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Economic "apartheid" in Britain April 30, 2007

Posted by Winter in race matters.
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Fron the Guardian.

Ethnic minorities suffer from economic “apartheid” in Britain, race watchdogs have claimed after a study found that two-thirds of Pakistani and Bangladeshi children are living in poverty.

The study, by the Joseph Rowntree Foundation, reveals that ethnic minorities suffer twice the level of poverty of white Britons, as discrimination and disadvantage blight their life chances.

Analysing official figures, the foundation found vast differences in child poverty among different groups. One in four white children live in poverty, compared with 74% of Bangladeshi children, 60% of Pakistani children, and 56% of black African children. Even for children of Indian parents, a group thought to be doing well economically, the rate was higher than for whites, with one in three growing up in households with incomes below the government’s definition of poverty.

Kay Hampton, who chairs the Commission for Racial Equality, said: “This research tells us a shocking story, an invisible apartheid separating modern Britain. It is a sad truth that a baby born today will have their future dictated by their race, not their abilities or efforts.”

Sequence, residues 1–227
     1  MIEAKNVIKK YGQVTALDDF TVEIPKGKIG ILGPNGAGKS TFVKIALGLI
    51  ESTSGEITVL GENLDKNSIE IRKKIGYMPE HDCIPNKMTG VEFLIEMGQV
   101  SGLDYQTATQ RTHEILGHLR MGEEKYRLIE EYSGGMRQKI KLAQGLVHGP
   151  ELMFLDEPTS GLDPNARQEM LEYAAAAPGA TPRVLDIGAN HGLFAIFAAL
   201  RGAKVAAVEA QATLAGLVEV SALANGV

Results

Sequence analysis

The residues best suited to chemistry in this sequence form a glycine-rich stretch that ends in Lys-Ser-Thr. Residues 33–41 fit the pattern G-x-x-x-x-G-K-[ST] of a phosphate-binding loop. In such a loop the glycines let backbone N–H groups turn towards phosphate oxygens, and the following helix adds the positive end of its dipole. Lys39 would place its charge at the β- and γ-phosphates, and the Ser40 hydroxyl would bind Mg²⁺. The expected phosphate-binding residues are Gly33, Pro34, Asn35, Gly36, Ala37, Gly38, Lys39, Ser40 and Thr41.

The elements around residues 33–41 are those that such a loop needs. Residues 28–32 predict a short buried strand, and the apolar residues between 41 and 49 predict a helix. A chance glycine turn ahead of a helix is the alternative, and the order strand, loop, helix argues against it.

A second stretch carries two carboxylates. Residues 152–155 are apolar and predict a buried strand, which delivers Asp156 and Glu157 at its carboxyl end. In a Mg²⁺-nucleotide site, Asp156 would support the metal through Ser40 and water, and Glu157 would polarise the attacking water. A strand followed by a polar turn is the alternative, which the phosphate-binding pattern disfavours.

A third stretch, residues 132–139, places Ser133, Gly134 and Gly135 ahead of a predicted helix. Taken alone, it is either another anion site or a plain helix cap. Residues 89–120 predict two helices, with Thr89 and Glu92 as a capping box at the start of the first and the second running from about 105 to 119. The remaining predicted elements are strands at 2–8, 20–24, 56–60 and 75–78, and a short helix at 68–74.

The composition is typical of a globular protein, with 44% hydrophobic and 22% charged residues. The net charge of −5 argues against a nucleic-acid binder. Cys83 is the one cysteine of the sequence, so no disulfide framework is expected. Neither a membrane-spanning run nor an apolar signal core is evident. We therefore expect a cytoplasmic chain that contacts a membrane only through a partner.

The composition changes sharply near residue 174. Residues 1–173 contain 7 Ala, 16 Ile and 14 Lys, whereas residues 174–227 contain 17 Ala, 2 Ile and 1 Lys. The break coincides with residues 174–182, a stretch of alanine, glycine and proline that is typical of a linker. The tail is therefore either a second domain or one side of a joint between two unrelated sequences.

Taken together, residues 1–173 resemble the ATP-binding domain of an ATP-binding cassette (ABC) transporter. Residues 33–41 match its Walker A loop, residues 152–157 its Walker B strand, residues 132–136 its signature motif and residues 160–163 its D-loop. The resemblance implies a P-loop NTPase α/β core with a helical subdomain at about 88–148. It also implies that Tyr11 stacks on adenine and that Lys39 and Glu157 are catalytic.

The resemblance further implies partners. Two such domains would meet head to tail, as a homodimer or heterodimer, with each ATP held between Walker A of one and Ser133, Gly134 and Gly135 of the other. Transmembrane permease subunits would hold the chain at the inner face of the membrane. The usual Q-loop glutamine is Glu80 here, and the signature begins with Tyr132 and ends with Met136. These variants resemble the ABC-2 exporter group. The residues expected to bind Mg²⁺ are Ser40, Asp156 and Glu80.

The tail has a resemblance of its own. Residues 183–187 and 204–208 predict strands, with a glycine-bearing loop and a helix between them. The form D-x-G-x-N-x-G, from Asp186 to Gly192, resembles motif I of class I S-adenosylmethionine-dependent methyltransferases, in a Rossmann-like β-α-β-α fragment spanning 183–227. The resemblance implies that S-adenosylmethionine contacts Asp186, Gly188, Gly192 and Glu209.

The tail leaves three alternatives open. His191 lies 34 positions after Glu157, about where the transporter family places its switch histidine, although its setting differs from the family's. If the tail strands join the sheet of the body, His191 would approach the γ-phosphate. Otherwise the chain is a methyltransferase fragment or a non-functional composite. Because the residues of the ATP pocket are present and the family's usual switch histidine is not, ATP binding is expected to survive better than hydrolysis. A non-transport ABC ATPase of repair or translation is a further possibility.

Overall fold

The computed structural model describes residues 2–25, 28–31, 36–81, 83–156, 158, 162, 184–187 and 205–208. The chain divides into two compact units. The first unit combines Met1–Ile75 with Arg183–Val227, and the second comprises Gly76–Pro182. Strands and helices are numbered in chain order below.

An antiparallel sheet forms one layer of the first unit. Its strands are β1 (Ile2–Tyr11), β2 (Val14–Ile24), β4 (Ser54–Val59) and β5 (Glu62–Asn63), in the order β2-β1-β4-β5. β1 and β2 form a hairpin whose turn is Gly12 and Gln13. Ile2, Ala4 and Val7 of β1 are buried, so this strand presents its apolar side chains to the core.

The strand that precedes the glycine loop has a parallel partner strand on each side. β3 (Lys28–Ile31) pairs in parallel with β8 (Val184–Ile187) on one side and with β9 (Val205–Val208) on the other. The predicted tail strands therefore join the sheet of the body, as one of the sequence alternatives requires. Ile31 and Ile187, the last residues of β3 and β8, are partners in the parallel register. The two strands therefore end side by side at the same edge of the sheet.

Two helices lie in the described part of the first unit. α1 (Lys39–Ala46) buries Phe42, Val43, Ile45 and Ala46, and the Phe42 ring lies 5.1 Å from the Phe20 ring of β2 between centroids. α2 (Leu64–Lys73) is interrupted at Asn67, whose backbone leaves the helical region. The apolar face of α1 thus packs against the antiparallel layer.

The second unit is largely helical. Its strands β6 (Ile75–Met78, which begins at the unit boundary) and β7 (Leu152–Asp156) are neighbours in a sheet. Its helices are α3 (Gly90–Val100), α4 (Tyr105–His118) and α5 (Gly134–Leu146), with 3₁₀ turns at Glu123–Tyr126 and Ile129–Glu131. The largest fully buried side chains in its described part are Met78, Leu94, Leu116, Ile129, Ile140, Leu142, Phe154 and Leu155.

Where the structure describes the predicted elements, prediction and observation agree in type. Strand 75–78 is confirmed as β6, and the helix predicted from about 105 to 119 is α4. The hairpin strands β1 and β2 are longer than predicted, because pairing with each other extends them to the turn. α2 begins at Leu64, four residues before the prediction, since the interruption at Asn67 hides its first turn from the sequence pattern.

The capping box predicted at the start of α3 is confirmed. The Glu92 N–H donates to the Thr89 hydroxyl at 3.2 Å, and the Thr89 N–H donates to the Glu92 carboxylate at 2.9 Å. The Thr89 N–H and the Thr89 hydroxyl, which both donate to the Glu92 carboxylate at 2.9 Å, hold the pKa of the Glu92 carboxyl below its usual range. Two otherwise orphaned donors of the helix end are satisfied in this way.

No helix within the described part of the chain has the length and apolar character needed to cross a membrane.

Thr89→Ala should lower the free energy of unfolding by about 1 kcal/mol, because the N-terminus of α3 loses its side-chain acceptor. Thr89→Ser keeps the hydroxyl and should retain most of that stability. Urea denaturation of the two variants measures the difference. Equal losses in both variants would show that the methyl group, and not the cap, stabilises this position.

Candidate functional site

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Comments»

1. Winter - April 30, 2007

Everyone may legally have equal opportunity, but in practice it’s a different story.

I find the term “equal opportunities” really irritating because we can’t have equal opportunities unless everyone starts out with the same advantages. Then we’d all have the same “opportunities.”

I was also propelled into university. It was never a question. My best friend at secondary school came from an underprivileged area and a single-parent family. She wanted to go to university and study journalism, but her mother was very dependent on her and wanted her to get a job and bring in some money. So she did and then she didn’t have enough time to study for her A-levels. And her family didn’t support her idea of going to university because it just wasn’t a thing you did. In the end she didn’t go and I know she’s stuck in the same town we grew up in doing a data input job.

Theory and law is very different to reality.

2. Winter - April 30, 2007

Of course, she could have gone, but it would have been one hell of a struggle all the way.

3. Winter - April 30, 2007

Argh! Why should “they” work harder??? That drives me up the wall too. I live quite a poor area now and I reckon a lot of the local kids would have to be about 3 times as clever and ambitious as the middle-class kids in order to match their educational achievement because so much is stacked against them.


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